Mental health support lacking for pregnant women
The first-ever study to look at anti-depressant use and symptoms of depression in pregnant New Zealand women has identified an unmet need for antenatal mental health support.
The research examined anti-depressant use and symptoms of depression in more than 6000 pregnant women in this country’s largest longitudinal study, Growing Up in New Zealand.
The study, funded by the Better Start National Science Challenge, found that around 3.2 per cent of pregnant women in the study took anti-depressants, but a further 12 per cent experienced symptoms of depression without receiving medication.
Better Start researcher, University of Auckland Quantitative Social Science lecturer, Dr Stephanie D’Souza, says the findings are important because antenatal depression can lead to poorer health outcomes for both mother and baby.
“It’s vital that pregnant women receive adequate support and treatment for depression because we know that pregnant women who have untreated depression are more likely to experience post-partum depression and to have pre-term and low birth weight babies,” she says.
The research examined data from more than 6000 women participating in the Growing Up in New Zealand study who were pregnant in 2009/2010.
The women were asked about their anti-depressant use in pregnancy, but also completed a standard tool used for screening depression in pregnancy, the Edinburgh Postnatal Depression Scale.
This analysis found:
• 3.2 per cent of women were taking anti-depressants.
• 11.8 per cent had symptoms of depression serious enough to warrant prescription medication, but were not taking medication.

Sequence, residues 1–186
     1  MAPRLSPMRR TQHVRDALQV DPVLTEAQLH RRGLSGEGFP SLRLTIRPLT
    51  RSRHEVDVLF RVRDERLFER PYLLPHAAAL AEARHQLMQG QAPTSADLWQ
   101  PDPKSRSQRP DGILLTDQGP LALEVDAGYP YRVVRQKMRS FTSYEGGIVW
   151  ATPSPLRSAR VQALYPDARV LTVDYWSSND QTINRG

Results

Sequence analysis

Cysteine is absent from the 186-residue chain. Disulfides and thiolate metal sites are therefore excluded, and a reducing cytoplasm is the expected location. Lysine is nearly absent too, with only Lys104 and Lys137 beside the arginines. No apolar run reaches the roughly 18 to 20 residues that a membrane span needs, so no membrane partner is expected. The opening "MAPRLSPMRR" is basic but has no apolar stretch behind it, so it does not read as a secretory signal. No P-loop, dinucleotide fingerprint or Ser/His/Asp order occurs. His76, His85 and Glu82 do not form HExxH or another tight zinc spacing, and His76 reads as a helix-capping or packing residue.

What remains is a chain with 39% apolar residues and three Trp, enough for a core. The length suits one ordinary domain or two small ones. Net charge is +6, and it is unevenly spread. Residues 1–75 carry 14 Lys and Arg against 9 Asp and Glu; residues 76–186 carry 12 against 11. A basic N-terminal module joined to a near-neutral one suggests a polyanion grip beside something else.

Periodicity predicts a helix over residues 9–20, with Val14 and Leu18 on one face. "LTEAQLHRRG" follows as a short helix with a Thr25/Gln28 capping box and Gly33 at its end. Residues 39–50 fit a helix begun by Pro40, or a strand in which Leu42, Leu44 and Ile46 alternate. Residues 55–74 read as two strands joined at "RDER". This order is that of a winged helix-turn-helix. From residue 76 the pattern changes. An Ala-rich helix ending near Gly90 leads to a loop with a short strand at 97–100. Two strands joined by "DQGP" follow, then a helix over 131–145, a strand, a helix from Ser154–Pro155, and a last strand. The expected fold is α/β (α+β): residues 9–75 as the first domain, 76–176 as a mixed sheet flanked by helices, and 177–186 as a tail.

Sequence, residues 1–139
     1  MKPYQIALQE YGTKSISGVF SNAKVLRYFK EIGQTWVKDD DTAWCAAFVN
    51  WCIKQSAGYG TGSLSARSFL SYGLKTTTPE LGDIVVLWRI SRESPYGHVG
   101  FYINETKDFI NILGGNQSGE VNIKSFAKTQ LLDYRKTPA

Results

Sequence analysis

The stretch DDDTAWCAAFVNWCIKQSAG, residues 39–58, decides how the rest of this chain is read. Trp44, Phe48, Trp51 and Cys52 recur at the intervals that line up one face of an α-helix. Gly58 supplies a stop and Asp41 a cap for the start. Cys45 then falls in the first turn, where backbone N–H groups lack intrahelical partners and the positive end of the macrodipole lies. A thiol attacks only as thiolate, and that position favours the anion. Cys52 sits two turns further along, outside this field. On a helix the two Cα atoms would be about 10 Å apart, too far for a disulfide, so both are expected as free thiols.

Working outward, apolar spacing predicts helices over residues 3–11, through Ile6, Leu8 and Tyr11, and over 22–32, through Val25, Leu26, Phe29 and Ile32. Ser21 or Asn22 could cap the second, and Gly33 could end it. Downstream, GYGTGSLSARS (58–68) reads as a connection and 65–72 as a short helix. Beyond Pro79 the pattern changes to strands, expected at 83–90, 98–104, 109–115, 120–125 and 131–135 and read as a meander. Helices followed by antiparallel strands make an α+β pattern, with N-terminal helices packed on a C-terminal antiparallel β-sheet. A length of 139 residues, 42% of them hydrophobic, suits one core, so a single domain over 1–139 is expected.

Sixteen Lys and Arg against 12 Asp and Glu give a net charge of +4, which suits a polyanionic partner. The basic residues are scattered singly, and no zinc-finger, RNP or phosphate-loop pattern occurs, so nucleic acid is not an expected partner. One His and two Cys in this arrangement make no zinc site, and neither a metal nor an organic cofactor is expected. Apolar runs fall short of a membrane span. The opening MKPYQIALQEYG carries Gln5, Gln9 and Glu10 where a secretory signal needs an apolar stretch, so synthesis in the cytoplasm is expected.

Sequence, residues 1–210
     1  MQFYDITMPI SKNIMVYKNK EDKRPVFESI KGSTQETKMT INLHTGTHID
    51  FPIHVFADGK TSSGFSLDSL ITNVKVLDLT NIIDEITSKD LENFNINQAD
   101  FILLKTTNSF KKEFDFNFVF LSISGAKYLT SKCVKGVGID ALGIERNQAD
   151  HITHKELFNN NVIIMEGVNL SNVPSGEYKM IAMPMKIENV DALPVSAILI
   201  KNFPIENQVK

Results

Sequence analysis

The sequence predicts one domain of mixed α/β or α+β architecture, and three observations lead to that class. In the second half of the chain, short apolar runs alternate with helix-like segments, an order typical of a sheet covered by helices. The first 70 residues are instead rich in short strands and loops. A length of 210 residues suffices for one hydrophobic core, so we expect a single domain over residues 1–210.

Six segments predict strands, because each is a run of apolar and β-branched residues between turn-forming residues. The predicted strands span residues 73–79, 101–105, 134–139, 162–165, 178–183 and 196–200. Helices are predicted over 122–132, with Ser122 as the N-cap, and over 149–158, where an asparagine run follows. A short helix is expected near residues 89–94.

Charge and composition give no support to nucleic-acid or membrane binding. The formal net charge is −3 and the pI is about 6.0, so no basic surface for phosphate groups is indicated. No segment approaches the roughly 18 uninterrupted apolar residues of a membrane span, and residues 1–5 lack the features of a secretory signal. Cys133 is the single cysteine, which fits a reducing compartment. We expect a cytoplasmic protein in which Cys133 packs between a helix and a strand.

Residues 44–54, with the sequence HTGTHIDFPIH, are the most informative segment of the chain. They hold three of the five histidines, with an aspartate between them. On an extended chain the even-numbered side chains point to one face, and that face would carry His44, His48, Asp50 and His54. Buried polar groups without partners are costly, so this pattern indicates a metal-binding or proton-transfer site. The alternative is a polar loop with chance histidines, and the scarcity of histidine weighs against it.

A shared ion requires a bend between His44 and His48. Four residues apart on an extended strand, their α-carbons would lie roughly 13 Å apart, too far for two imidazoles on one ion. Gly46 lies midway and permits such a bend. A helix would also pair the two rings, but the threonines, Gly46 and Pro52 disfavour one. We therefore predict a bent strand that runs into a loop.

• Pregnant women under the age of 24 were twice as likely to experience depressive symptoms compared with older women (over the age of 35).
• Pasifika women had the highest rates of untreated depression.
• European women used anti-depressants at a much higher rate than Māori, Pasifika or Asian women.
Stephanie says pregnancy is a time of increased vulnerability to the onset or recurrence of depression and it’s concerning that so many women may be suffering without treatment.
She says anti-depressants are not the only treatment option for women with depression, but many antidepressants can be used for moderate to severe depression in pregnant women.
“Our results suggest that there is significant untreated serious depression among pregnant women in Aotearoa-New Zealand which suggests that many women may not be receiving adequate mental health support during pregnancy.
“This research highlights the need for health practitioners to screen for depression during antenatal check-ups so that women can secure diagnosis and treatment to enable them to have as healthy a pregnancy and birth experience as possible,” she says.
Dr D’Souza says the fact that Pasifika, Māori and Asian pregnant women are more likely to experience untreated depressive symptoms also points to possible inequities within the health system.